Quantcast
Connect with us

You’re the puppet: Spicer revives Trump’s unhinged attacks on Clinton as Russia scandal grows

Published

on

At his Friday afternoon White House briefing, President Donald Trump’s Press Secretary Sean Spicer made the jaw-dropping assertion that former Secretary of State Hillary Clinton is to blame for the current imbroglio with Russia and its president Vladimir Putin.

In the process of deflecting a question about the Senate Intelligence Committee’s probe into Russian interference in the 2016 election, Spicer said, “As we’ve said before, when you talk about Russia in particular, everyone who has been briefed on this subject, from Republican to Democrat to CIA, former Obama administration’s Clapper, Brennan, you name it, all of those people come back with the same conclusion and I think that’s important that there’s been no evidence of the president’s campaign and Russian officials.”

ADVERTISEMENT

Presumably, Spicer meant to say the words “collusion between” but he did not.

He continued, “It was Hillary Clinton who was the architect of the last administration’s failed ‘Reset’ policy. She told Russian state TV it was designed to strengthen Russia. That was their goal, to strengthen Russia. She used her office to make concession after concession, selling off one-fifth of our country’s uranium, paid speeches, paid deals, getting personal calls from Vladimir Putin. If you really want to talk about a Russian connection and the substance, that’s where we should be looking, that, not there.”

The claim that Clinton “gave up” 20 percent of the country’s uranium is a Trump canard that PolitiFact rates as “Mostly false.”

The reference is to Russia’s nuclear power agency buying a controlling interest in a Toronto-based company. That company has mines, mills and tracts of land in Wyoming, Utah and other U.S. states equal to about 20 percent of U.S. uranium production capacity (not produced uranium).

Clinton was secretary of state at the time, but she didn’t have the power to approve or reject the deal. The State Department was only one of nine federal agencies that signed off on the deal, and only Obama had the power to veto it.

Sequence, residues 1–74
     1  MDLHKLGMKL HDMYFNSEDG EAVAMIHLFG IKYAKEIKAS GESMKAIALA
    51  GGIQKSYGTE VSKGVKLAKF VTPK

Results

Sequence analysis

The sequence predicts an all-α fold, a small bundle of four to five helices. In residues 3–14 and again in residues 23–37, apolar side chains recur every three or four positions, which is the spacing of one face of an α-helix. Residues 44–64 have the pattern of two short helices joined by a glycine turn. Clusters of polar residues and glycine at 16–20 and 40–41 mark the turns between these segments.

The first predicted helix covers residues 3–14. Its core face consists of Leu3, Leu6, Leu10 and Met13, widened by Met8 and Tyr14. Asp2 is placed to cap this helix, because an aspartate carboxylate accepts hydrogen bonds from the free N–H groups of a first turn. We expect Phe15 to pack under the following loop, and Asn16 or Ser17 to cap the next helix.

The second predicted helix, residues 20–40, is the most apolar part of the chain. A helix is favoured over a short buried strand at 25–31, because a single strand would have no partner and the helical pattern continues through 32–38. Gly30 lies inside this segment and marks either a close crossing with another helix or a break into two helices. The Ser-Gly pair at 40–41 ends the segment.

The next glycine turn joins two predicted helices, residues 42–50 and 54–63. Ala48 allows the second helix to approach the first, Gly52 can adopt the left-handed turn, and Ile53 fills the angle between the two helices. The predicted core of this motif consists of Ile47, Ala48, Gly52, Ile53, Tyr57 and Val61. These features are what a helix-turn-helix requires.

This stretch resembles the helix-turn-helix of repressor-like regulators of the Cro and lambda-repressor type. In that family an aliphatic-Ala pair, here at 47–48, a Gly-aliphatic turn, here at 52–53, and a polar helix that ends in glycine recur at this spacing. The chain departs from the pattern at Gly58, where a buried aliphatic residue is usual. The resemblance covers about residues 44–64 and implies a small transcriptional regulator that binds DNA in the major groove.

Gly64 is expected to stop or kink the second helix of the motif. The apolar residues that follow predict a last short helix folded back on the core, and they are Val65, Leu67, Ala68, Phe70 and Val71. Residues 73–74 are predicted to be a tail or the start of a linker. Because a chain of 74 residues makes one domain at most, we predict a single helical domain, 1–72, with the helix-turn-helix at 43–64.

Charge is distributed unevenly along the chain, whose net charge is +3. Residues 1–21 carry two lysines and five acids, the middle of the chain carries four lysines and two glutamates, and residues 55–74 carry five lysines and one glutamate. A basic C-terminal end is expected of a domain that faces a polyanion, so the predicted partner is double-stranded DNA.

For a statement that contains only an element of truth, our rating is Mostly False.

Watch the video, embedded below:

ADVERTISEMENT


Report typos and corrections to: [email protected].
READ COMMENTS - JOIN THE DISCUSSION
Continue Reading

Breaking Banner

Ted Cruz mocked for tantrum about Gorsuch siding with Native American rights: ‘Way to channel Andrew Jackson’

Published

on

In a surprise move on Thursday, Trump-appointed Justice Neil Gorsuch sided with Native American rights, ruling that Oklahoma must honor a treaty granting tribal sovereignty over much of the eastern portion of the state.

Sen. Ted Cruz (R-TX) took to Twitter to vent his outrage over the decision.

Neil Gorsuch & the four liberal Justices just gave away half of Oklahoma, literally.

Manhattan is next. https://t.co/Ic9gqqznJp

Continue Reading

COVID-19

California theme parks remain shut but hundreds flock to Disney shops

Published

on

Disney's California theme park reopening may have been thwarted by coronavirus, but hundreds lined up early Thursday to buy Mickey Mouse merchandise from an adjacent shopping plaza.

Downtown Disney District -- which borders the world-famous Disneyland and Disney California Adventure theme parks near Los Angeles -- is the first part of the sprawling resort to reopen.

It threw open its shops and restaurants to eager fans after almost four months of coronavirus-mandated limbo.

"I've personally been here since 11 pm," one woman told local news network KTLA.

Continue Reading
 

Breaking Banner

MSNBC’s Nicolle Wallace chuckles after Times reporter explains why Trump has no hope of pivoting to an empathetic campaign

Published

on

MSNBC host Nicolle Wallace struggled to stifle a chuckle in a conversation about President Donald Trump's struggle to run a campaign that can contend with most Americans' needs in a horrific pandemic.

"I think to Nick [Confessore's] point earlier, there should be a sense of nervousness in Trump's camp," began Democratic strategist Basil Smikle. "You don't see -- you talked about enablers. You don't see Republicans engaged in their behavior with respect to the president at this juncture. You're starting to see them not nationalize he's the president of the United States. They should be more allied with him, but instead, they're focused on local campaigns. The president has lost several cases at the Supreme Court, the Affordable Care Act case notwithstanding. There's a lot of things they should be rallying around, but they can't."

Continue Reading
 
 
You need honest news coverage. Help us deliver it. Join Raw Story Investigates for $1. Go ad-free.
close-image